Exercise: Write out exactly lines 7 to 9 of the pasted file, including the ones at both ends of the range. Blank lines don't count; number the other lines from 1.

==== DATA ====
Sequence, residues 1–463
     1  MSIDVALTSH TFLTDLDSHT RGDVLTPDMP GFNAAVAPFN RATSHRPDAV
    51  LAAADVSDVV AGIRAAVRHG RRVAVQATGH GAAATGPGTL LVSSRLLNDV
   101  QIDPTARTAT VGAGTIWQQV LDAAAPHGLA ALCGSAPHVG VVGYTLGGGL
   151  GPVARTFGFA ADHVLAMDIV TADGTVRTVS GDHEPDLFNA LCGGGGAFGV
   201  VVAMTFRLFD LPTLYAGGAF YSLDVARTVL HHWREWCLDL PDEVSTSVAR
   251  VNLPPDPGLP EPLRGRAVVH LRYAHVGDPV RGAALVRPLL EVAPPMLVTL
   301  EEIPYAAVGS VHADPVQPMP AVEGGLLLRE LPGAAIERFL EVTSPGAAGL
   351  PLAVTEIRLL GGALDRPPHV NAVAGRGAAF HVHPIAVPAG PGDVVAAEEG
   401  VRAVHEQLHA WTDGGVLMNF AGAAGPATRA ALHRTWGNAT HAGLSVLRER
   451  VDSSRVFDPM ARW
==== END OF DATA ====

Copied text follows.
   251  VNLPPDPGLP EPLRGRAVVH LRYAHVGDPV RGAALVRPLL EVAPPMLVTL
   301  EEIPYAAVGS VHADPVQPMP AVEGGLLLRE LPGAAIERFL EVTSPGAAGL
   351  PLAVTEIRLL GGALDRPPHV NAVAGRGAAF HVHPIAVPAG PGDVVAAEEG